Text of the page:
|Subject: ASEG NSW Branch Meeting – 17th October 2007|
|From: “Guo, Bin”|
|Date: Tue, 9 Oct 2007 23:18:38 -0700|
Instead of the usual technical meeting, the NSW Branch of the ASEG will hold a student night presentations by Honours students at 5:30 pm for 6:00 pm on Wednesday 17th October 2007 at The Rugby Club-Level 3,Rugby Place
(near Pitt and Alfred St), Sydney CBD. Cara Danis of Macquarie University and Joshua Knight of University of Sydney will be presenting on their studies.
Alpha GeoScience is generously sponsoring an open bar on the evening.
Also please be aware that the rest technical meetings of this year will be on Thursday 15th November and Wednesday 12th December. Suggestions for (or interest in presenting at) these two meetings are welcomed. Please contact Mark Lackie.
We also have a NEW ASEG AWARD notice
NSW members will be pleased to know that the plan to use some of our funds in a beneficial way has materialised. The Federal executive of ASEG has agreed to our request to have a new award for members under the age of 36 who have made an outstanding contribution to the profession by way of papers published. It is to be called the “ASEG Early Achievement Award”. The value is $2,000 cash and the recipient is to present a paper at the conference. The Executive have backed the plan by contributing 50% to the value and requesting that other states also contribute.NSW has committed $1,000 to each of the first 5 awards. If you wish to know more, please contact
Cara Danis of Macquarie University will be presenting on:
The Wongwibinda Complex a tilted block?
The Wongwibinda Complex contains a rare exposure of deep New England Fold Belt (NEFB) crust, which has undergone low-pressure high-temperature amphibolite facies metamorphism in a virtually un-metamorphosed region. The aim of defining the subsurface structure of the Complex is to explore the controls of high-T low-P metamorphism, exhumation and tilting in the Complex and develop a geological model that accounts for the tectonic history of the region. With geothermobarometry to determine peak and retrograde metamorphic P-T conditions and a 20 km detailed gravity survey the tilted block model can be tested. Gravity modelling provided a way to determine the 2D subsurface structure of the Wongwibinda Complex and constrain key tectonic features, such as the Wongwibinda Fault, which is shown to be a steep fault extending to at least 2km. A tilted block model could explain the thermal gradient in the Wongwibinda Complex but gravity modelling of the subsurface suggests that a geological model is possible where perhaps tilting is not required.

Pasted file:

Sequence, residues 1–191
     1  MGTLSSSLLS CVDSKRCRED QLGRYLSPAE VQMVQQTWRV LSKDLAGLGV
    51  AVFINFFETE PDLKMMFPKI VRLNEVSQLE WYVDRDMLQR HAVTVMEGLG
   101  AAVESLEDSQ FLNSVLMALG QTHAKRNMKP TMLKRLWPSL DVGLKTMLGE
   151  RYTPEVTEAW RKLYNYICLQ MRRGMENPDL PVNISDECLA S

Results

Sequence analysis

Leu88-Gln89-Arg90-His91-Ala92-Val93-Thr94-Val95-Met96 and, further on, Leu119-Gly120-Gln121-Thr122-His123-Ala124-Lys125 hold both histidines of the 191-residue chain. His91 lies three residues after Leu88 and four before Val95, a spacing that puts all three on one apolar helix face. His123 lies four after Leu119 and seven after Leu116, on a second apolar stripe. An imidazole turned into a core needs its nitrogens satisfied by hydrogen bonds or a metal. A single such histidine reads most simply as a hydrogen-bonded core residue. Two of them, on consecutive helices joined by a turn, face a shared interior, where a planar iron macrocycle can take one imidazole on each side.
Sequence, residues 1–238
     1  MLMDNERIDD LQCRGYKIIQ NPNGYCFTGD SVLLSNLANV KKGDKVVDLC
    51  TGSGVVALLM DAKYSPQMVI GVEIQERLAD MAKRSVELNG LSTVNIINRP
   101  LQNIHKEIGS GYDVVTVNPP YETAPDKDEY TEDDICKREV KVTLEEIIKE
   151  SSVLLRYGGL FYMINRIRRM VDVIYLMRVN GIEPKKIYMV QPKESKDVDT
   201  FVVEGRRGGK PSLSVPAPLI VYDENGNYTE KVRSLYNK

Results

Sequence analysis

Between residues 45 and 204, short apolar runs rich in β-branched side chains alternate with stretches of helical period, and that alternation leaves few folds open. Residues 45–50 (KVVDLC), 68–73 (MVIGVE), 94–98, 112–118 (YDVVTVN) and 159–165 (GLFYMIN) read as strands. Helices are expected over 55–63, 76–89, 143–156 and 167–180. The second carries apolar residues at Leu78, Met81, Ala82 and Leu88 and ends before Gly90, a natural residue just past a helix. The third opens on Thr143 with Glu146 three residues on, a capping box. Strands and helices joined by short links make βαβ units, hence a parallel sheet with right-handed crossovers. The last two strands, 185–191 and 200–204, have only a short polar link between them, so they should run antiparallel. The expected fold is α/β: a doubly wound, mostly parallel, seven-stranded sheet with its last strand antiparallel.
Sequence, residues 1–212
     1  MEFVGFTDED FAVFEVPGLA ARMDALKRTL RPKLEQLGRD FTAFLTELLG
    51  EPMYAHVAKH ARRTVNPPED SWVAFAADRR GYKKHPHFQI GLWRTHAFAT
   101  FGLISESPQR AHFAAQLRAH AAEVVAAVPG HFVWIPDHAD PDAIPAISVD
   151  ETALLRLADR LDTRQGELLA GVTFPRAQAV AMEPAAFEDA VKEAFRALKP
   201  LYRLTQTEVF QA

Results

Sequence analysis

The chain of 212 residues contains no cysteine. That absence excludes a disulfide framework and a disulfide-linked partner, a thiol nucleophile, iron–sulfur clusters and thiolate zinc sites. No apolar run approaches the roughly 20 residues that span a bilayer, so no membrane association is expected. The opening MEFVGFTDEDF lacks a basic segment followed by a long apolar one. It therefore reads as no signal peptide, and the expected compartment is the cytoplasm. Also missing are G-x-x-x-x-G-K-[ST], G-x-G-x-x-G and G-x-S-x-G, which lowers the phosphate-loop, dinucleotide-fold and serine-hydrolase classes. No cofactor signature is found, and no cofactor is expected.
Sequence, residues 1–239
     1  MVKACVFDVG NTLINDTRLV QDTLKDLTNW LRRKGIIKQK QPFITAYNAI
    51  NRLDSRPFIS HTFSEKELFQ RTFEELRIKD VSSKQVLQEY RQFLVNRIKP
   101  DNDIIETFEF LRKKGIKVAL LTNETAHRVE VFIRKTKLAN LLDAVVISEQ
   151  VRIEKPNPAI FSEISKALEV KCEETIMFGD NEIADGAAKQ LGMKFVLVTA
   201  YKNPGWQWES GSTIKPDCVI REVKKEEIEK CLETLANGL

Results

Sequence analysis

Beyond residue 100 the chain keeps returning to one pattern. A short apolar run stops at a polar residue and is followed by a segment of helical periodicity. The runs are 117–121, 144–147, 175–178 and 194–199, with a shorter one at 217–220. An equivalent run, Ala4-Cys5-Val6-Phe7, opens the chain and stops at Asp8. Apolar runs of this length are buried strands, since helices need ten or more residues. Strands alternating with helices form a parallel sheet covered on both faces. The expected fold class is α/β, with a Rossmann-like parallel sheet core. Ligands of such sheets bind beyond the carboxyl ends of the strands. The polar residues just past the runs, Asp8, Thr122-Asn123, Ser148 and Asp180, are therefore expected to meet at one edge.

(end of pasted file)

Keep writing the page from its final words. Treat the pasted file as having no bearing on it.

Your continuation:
Joshua Knight of University of Sydney will be presenting on:
Modelling the Contemporary and Palaeo-Stress of the Indo-Australian Plate
Knowledge of the contemporary stress field is important for mining safety and for understanding the origin of intra-plate earthquakes. The stress field evolution over time is also important for hydrocarbon exploration, and testing theoretical models for geodynamic evolution.
We use a 2 dimensional finite element model in ABAQUS with heterogeneous elastic strengths in lithospheric regions, to model the stress field orientation and relative magnitudes across the Indo-Australian Plate, at a nominal resolution of ~0.2° in latitude and longitude. The model is coupled with the parallel optimisation package Nimrod/O which allows the efficient exploration of a large non-linear parameter space. The misfit of the contemporary modelled stress orientations is minimized by comparing against more than 1800 World Stress Map measurements, and adjusting model plate boundary forces and relative strengths of lithospheric regions such as sedimentary basins and mountain belts. Our optimised model has a residual misfit of around 30°. Our model efficiently assimilates geological observations and shows that large amplitude intraplate stresses are concentrated in mid-latitude India and central Indian Ocean where small earthquakes are common, thereby providing a framework for managing seismic hazards by linking plate scale to local scale phenomenon. We also show that large rotations of the stress field occur between cratons such as the Yilgarn and adjacent sedimentary basins.
Building on the results from contemporary optimisation, we also model the palaeo-stress field evolution by focusing on two critical times during the India-Eurasia collision in the early Oligocene, which occurs after the onset of India-Asia collision; and the early Miocene, which precedes the onset of the Papua New Guinea collision. These times had significantly different boundary forces, and we show that the stress field direction and amplitudes have changed significantly during this time period, thereby providing a new tectonic framework for natural resource exploration.
Further details are also available from the NSW Branch web site: www.aseg.org.au/states/nsw.
Secretary, NSW Branch of the ASEG
Bin GUO (PhD, MSEG, MASEG)
Level 6,44 Market St
Sydney, NSW 2000
Tel: 61 2 9024 8805
Fax: 61 2 9024 8888
Mob: 61 421 176 099